Los Angeles and Oxford, U.K.—An international data analysis has found that nations in which high fructose corn syrup (HFCS) is prevalent in the food supply suffer from a 20% higher rate of type-2 diabetes. University of Southern California (USC) and University of Oxford researchers focused on 42 countries in North America, Asia, North Africa and Europe. Though the United States leads the way in HFCS consumption, other countries have rapidly been adding the sweetener to foods and beverages.
The paper is titled “High Fructose Corn Syrup and Diabetes Prevalence: A Global Perspective,” and is published in the journal Global Public Health. Importantly, researchers were able to determine that the heightened risk of diabetes occurs in HFCS-heavy diets independently of both total sugar intake and obesity rates. “HFCS appears to pose a serious public health problem on a global scale,” said lead author Michael I. Goran, director of the Childhood Obesity Research Center and co-director of the Diabetes and Obesity Research Institute at the Keck School of Medicine at USC.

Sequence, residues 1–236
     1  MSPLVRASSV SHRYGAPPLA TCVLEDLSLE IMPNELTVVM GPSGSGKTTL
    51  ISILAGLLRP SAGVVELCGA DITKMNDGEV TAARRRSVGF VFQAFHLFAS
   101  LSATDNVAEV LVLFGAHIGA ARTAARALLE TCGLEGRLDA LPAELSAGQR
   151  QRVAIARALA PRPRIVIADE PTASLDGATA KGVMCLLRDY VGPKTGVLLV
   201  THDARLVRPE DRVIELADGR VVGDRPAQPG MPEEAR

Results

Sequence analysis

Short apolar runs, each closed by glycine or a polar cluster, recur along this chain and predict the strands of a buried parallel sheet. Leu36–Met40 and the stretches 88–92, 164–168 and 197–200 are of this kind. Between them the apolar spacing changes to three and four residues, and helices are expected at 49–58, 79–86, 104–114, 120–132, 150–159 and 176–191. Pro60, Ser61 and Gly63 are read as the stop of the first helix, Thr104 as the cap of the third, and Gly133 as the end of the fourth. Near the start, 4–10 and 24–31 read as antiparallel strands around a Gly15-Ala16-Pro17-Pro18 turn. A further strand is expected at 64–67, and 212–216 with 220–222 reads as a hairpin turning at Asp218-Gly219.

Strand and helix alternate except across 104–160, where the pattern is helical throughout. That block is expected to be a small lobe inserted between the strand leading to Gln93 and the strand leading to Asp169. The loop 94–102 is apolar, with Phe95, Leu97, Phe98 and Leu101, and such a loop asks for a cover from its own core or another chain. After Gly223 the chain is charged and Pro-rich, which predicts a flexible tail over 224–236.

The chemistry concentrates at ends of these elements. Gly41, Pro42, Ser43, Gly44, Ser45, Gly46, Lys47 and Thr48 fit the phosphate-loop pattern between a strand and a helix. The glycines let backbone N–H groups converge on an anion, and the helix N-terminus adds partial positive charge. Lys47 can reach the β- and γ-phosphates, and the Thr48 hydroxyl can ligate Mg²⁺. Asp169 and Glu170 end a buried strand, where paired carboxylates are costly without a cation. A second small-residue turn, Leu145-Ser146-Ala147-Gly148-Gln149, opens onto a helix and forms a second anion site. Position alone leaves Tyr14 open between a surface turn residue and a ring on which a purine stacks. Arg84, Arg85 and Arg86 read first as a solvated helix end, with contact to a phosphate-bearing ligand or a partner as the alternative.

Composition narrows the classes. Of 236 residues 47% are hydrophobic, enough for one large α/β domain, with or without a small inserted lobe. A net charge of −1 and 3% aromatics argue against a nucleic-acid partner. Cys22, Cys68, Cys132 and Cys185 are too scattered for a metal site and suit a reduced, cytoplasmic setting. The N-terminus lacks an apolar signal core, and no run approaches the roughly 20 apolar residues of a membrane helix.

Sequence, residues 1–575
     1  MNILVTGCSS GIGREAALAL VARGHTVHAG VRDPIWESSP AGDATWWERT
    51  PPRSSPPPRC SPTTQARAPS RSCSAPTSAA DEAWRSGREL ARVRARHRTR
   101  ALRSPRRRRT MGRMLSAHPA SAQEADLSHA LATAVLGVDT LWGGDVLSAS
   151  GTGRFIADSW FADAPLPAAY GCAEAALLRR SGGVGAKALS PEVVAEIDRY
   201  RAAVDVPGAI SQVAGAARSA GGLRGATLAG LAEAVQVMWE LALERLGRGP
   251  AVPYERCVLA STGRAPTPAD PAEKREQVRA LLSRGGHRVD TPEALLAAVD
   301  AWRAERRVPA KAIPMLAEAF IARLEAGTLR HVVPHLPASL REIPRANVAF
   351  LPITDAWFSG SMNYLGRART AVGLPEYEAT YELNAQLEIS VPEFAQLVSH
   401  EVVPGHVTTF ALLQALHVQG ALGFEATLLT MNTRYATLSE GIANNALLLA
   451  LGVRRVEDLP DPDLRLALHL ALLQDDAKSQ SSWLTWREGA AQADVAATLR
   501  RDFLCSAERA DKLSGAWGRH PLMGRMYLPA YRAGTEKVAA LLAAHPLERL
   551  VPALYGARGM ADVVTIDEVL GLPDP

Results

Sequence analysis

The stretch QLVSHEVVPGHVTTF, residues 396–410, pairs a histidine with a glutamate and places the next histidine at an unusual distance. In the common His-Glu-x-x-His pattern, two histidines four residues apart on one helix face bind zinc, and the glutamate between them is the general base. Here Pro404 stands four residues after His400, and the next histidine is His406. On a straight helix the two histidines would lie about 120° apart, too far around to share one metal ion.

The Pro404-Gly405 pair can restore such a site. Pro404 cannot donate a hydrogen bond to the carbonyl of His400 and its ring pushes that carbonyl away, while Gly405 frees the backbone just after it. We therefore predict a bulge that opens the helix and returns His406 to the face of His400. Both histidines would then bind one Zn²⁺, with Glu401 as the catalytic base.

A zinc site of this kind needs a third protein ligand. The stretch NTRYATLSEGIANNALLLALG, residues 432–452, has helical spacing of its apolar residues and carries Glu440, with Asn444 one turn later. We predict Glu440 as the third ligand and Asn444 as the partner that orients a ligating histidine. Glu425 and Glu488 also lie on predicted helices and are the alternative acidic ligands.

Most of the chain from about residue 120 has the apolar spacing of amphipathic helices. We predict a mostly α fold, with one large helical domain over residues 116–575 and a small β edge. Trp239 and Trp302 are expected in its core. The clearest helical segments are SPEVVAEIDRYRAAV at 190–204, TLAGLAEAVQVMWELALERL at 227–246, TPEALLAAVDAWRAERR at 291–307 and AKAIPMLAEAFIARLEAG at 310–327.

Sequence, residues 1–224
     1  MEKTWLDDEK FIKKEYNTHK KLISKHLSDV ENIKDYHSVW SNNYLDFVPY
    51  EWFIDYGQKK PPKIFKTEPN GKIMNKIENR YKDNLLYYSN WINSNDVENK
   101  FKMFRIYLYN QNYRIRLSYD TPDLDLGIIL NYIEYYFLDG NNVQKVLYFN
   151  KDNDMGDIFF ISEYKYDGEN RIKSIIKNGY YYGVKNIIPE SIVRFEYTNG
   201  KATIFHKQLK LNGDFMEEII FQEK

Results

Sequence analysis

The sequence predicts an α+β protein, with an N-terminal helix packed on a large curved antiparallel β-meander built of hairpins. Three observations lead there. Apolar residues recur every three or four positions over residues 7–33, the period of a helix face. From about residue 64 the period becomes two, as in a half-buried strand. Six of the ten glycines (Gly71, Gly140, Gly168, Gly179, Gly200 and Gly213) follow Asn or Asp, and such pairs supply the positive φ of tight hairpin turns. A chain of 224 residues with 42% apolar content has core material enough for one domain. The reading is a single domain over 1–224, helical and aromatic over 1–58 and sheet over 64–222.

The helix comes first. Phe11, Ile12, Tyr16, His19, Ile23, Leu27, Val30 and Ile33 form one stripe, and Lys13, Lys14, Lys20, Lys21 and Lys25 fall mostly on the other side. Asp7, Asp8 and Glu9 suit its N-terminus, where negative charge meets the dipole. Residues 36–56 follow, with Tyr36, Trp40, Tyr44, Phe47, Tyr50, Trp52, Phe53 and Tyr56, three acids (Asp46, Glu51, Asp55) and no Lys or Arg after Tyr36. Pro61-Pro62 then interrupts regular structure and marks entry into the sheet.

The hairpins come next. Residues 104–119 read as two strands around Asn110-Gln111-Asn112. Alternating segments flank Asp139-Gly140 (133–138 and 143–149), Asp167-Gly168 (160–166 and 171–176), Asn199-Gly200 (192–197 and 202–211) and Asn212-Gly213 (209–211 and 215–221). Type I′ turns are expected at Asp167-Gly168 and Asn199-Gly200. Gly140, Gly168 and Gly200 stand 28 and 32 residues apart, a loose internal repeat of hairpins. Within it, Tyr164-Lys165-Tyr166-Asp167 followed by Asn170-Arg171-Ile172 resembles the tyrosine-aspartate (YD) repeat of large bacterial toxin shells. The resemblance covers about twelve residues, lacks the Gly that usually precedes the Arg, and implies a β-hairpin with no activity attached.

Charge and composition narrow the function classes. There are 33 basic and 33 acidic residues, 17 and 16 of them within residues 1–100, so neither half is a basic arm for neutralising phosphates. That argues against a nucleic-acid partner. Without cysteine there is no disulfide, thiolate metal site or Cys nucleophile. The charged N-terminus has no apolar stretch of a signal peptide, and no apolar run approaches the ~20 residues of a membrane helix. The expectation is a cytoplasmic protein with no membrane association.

Out of all countries studied, the United States HFCS-consumption rate per capita was tops at 25 kilograms (55 pounds) per year. The second highest rate of consumption was Hungary at 16 kilograms. Countries categorized as heavy users of HFCS had an average type-2 diabetes occurrence of 8%, more than the 6.7% in countries using little HFCS.
This study has some calling for a rewriting of dietary guidelines in consideration of HFCS as a risk factor for diabetes, a leading cause of death worldwide. Many consumers seem to be ahead of the curve in this respect, as a majority of Americans are actively trying to consume less HFCS and sugar (63% and 70%, respectively), according to an International Food Information Council survey published in the Journal of the Academy of Nutrition and Dietetics.
Published in WholeFoods Magazine, January 2013 (online 12/11/12)